Investigation of the impact of loss of function for Yap/Taz and for Vgll4l on the transcriptional network of the precursors of the LRO (both using a candidate gene approach and transcriptome analyzes) reveals that these transcription cofactors control expression of a large fraction (50% and 62% respectively) of the genes previously shown to be necessary for the formation and/or function of the LRO. This includes most of the genes required in the LRO for motile ciliogenesis (75% of them for Vgll4l, 52% for Yap/Taz). To the best of our knowledge, our study describes the first transcriptional networks during the formation of a ciliated epithelium. We also found that Hippo TFs/TcoFs regulate essential factors of major signaling pathways that have been shown to regulate KV precursor cell behaviors (clustering, collective migration, rosette formation, luminogenesis) during gastrulation and early somitogenesis until the formation of the fully functional LRO [reviewed in Matsui and Bessho (2012)].

Amongst the genes whose expression requires Yap/Taz and Vgll4l activities are essential factors (ligands, receptors, positive or negative regulators) of the major signaling pathways (Nodal, FGF, non-canonical Wnt and Notch/Delta) known to be critical to the formation of the LRO. This observation therefore places Yap/Taz and Vgll4l upstream of these signaling pathways and strongly supports that these TcoFs are master regulators of the formation and function of the LRO.

The activity of the Nodal signaling pathway has been shown to be modulated through DNA methylation of the regulatory sequences of the Nodal antagonist Lefty (Dai et al., 2016) (Wang et al., 2017). In WT embryos, lefty genes are not expressed in the precursors of the LRO. However, our transcriptome analysis revealed expression of lft1 and lft2 in DFCs of Vgll4l morphant embryos associated with a strong reduction of ndr1 expression (Figure 6). In these Vgll4l depleted embryos, we also found strong downregulation of genes coding for the ‘de novo’ DNA methyltransferases that establish the initial DNA methylation pattern (Figure 8). Expression of Nodal is also strongly downregulated in embryos devoid of Yap/Taz activity. However, expression of lft1 and lft2 is not observed in the DFCs of Yap/Taz morphant embryos and genes coding for Dnmts were not downregulated in Yap/Taz loss of function. These observations show (1) that ndr1 expression and activity are controlled in the DFCs by Vgll4l and Yap/Taz and (2) strongly suggest that distinct mechanisms are used by Vgll4l and Yap/Taz to regulate Nodal signaling in the DFCs, with Vgll4l repressing lft1 and lft2 expression likely through a positive control of the expression of de novo DNA methyltransferases in the progenitors of the LRO. The effect of Vgll4l loss of function on DNA methylation of DFC nuclei strongly support this interpretation.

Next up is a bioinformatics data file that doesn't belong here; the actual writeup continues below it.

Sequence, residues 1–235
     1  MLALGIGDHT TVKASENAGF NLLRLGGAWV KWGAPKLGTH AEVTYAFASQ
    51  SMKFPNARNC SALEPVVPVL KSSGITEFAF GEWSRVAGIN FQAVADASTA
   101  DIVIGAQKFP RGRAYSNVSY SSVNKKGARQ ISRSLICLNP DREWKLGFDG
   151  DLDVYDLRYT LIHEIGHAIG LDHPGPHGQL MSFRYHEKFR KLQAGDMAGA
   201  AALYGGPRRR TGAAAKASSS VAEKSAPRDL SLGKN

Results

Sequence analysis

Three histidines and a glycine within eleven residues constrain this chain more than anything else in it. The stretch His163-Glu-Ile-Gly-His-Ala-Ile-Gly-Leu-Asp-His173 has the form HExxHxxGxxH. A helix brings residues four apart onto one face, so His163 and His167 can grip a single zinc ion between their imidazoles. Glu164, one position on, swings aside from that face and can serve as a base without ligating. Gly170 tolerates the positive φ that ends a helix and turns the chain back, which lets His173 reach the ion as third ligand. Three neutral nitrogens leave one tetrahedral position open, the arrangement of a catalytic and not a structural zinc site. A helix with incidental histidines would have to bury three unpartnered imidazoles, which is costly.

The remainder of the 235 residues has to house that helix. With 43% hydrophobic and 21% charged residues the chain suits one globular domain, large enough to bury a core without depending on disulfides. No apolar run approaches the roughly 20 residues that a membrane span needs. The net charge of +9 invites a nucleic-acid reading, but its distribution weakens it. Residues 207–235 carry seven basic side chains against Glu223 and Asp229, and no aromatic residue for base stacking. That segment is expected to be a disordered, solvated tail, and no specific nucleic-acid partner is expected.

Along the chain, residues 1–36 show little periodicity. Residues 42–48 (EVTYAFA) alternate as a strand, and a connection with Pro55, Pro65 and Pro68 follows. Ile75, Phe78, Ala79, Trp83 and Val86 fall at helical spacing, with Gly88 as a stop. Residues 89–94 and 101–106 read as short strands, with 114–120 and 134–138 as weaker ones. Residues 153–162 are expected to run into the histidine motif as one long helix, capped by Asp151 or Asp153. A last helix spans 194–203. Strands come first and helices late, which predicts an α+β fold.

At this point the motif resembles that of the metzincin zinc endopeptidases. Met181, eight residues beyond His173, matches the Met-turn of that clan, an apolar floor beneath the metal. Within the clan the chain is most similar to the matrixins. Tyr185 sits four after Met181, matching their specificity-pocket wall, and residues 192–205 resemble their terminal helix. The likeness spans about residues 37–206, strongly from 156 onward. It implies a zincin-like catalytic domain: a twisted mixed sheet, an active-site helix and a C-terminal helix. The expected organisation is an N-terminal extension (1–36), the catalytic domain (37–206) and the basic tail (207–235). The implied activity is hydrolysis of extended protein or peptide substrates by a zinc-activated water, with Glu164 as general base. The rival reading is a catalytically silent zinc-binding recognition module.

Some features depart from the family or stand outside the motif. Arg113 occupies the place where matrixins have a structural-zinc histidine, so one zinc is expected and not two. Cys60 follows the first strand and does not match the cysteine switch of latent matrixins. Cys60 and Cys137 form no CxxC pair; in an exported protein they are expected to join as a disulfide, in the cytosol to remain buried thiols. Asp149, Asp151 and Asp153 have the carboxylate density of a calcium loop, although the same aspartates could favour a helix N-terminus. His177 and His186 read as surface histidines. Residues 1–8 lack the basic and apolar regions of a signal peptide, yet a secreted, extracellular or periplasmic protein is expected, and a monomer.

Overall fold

The role of DNA methylation in chromatin modifications associated with cell differentiation has been extensively analyzed. However, the upstream regulation of this process is far less understood. Our study reveals that one transcription cofactor, Vgll4l, is required in the progenitors of the LRO for the expression of epigenetic factors, writers (the de novo DNA methyltransferase 3) and readers (Methyl-CpG binding domain proteins) of DNA methylation marks. This identifies another level of regulation of epigenesis during embryonic development through the tissue specific control of the expression of major epigenetic actors. The demonstration that Vgll4l regulates epigenetics in a temporal and spatial manner by affecting the expression of some of its major actors opens a new field of exploration for the understanding of the regulation of gene expression during cell differentiation.

Materials and methods

Zebrafish line and husbandry

Request a detailed protocol

Zebrafish lines used in this study are the AB/Tü WT line, Tg(sox17:GFP)S870 (Chung and Stainier, 2008) and Tg(dusp6:GFP)pt19 (Wang et al., 2011). vgll4lva1 (an allele carrying a deletion of 7 nucleotides in the second exon resulting in a frame shift after amino-acid 36), vgll4bva2 (an allele carrying an INDEL - ∆4,+6 - resulting in a frame shift after amino-acid 109), yap1va3 (an allele of yap carrying a deletion of 8 nucleotides resulting in a frame shift after amino-acid 124), wwtr1va4 (an allele of taz carrying a deletion of 4 nucleotides resulting in a frame shift after amino-acid 85), dnmt3bb.1mk24 (an allele carrying a deletion of 6 nucleotides removing Ser 612 and Pro 613, two amino-acids of the catalytic site), dnmt3bb.2mk23 (an allele carrying an InDel - ∆5+13 – resulting in a frame shift after amino-acid 1237 and that lack the catalytic site) and dnmt3bamk26 (an allele carrying a 12 nucleotides deletion in the catalytic domain). Position and sequence of the different mutations are presented in Supplementary files 69.